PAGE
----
Talking to Strangers by Malcolm (sigh) Gladwell
Malcolm Gladwell’s latest is as much an engrossing page-turner as any. It goes off on many tangents but all are related to the theme of how we “get things wrong,” particularly when judging and trying to interpret strangers. His goal is to try to examine in detail what happened in one particular case of a traffic stop come to a tragic end. Sandra Bland was pulled over for failing to signal; she was rude to the cop; things escalated, and she was jailed. She killed herself in her jail cell.
Gladwell brackets the book with the story of Sandra Bland. Ultimately, he comes to the explanation that the police department in question was applying an aggressive kind of “stop and frisk” as applied to cars that had no place in a low-crime area such as the rural Texas road where Bland was pulled over. Police departments across the country have misinterpreted an approach to preventive crime fighting that was proven effective in extremely targeted high-crime areas, and are applying it globally.
So, the results of a study are misinterpreted. This puts two strangers in a confrontational situation they should not be in. And they get it tragically wrong.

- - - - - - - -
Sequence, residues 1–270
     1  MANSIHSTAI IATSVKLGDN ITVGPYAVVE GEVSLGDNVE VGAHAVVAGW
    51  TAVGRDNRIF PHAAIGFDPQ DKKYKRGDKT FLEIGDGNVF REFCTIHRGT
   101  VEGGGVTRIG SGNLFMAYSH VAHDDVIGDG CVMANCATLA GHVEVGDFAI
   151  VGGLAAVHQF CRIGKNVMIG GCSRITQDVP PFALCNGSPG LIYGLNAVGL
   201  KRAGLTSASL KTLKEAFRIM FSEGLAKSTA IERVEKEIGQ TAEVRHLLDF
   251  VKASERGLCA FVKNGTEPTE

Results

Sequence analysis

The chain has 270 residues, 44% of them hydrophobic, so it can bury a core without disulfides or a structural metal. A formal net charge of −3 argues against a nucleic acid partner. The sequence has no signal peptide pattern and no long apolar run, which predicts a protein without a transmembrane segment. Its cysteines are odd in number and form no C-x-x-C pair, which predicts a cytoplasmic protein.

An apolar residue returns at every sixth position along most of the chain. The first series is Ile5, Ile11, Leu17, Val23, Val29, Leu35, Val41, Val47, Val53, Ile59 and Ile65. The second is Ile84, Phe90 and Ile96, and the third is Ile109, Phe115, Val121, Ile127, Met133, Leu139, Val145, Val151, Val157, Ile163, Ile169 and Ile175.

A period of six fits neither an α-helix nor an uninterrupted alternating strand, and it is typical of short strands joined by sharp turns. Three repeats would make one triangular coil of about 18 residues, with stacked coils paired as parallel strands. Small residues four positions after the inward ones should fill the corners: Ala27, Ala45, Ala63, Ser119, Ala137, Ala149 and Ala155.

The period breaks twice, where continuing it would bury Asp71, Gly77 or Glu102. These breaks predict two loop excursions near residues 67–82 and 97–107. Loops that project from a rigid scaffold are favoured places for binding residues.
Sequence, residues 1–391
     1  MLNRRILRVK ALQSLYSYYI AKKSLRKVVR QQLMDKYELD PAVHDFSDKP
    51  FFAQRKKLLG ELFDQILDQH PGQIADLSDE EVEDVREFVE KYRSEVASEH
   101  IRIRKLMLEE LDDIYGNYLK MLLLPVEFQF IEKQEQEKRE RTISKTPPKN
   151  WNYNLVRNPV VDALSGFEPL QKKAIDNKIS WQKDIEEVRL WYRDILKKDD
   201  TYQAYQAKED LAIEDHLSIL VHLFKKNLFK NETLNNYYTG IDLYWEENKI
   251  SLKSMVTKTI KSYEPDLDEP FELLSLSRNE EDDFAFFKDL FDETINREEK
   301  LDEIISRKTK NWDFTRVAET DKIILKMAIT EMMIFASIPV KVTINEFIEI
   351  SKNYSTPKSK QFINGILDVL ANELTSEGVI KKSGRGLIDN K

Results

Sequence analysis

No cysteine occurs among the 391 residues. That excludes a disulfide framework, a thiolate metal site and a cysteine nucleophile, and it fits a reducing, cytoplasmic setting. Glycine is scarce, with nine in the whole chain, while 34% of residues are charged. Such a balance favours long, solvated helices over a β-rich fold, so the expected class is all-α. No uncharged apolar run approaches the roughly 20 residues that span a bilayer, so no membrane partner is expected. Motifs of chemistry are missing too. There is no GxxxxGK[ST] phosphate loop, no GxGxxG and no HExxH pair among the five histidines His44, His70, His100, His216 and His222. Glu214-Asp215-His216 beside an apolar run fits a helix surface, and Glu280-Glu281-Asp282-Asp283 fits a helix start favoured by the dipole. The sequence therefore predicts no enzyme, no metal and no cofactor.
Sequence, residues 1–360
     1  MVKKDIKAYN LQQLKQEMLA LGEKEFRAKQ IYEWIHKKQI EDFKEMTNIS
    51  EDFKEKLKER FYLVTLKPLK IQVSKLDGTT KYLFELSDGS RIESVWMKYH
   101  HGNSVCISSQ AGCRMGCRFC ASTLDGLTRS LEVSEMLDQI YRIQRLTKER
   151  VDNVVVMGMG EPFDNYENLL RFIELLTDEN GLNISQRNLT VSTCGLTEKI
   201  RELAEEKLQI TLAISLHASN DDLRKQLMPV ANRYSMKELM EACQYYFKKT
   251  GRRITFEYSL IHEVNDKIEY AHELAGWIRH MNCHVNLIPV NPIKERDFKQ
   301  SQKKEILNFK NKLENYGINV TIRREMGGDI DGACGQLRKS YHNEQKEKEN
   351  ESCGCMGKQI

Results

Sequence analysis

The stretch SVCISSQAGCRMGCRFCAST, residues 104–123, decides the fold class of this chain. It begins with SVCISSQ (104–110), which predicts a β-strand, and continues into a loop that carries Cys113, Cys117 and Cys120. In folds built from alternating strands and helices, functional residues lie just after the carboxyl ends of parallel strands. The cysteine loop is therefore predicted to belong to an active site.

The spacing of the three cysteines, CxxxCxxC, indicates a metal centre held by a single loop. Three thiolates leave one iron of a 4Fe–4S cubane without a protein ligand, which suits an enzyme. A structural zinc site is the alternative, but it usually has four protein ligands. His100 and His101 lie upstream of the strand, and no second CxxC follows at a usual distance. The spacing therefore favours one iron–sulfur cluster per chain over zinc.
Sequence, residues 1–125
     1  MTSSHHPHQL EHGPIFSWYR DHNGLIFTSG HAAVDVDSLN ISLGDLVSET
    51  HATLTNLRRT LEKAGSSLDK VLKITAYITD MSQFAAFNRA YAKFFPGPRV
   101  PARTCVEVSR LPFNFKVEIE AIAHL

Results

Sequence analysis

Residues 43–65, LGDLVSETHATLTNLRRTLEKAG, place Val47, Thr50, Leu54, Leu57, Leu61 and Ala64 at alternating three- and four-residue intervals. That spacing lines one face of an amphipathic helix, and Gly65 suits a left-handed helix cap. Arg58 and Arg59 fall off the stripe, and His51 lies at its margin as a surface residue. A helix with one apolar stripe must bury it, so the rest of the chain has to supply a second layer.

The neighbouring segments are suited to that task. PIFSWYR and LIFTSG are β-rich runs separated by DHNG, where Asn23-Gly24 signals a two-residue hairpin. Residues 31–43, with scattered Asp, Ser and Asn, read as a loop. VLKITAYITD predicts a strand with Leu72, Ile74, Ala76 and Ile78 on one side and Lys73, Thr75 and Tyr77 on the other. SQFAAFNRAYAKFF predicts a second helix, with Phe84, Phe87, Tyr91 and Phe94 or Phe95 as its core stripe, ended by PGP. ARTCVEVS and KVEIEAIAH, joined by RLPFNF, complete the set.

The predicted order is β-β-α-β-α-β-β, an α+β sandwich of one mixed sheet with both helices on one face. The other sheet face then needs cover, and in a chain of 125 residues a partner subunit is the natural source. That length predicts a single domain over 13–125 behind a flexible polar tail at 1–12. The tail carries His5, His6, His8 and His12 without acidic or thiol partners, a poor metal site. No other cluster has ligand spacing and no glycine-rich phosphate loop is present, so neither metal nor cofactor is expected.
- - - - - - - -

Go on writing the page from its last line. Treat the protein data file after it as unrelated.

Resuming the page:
Thus, a book about the bigger picture of “Talking to Strangers”. There is a chapter about the Penn State child abuse case; and one about college drinking, blacking out, and date rape; and one about the murder case that happened in Italy involving American students. I particularly liked one about how the suicide rate in England plummeted as the nation switched from what they called “town gas,” which will kill you if you stick your head in the oven, to a new formula of natural gas which was not lethal. Turns out (“turns out” – there’s a cliché that that phrase is what all Gladwell books boil down to)… people don’t so much want to kill themselves in general, as to kill themselves in a particular way. Take away that method and… they very well might not. People’s desires are situational. Thus, efforts to put life-saving nets off the Golden Gate Bridge; and, of course, handgun control. Impediments like these, which take away or effectively hinder the possibility of ending one’s life in a particular way, can save lives.
So, um, where were we – that’s right, “Talking to Strangers”! It’s really hard in retrospect for me to remember how all these things tied into that overarching theme. It’s a bit of a stretch, but they do all seem to contribute to the narrative of “things going wrong” in the Sandra Bland case. I didn’t mind the stretch. I love Gladwell’s books and I can’t resist being happily carried along into any tangent he cares to take me to.